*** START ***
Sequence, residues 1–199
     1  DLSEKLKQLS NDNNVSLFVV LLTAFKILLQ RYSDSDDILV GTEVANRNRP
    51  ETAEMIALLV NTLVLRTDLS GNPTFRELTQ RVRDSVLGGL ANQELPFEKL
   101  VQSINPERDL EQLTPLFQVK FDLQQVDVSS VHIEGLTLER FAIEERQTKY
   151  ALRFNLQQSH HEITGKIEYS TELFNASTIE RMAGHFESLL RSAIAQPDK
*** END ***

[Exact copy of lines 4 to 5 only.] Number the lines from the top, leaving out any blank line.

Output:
   101  VQSINPERDL EQLTPLFQVK FDLQQVDVSS VHIEGLTLER FAIEERQTKY
   151  ALRFNLQQSH HEITGKIEYS TELFNASTIE RMAGHFESLL RSAIAQPDK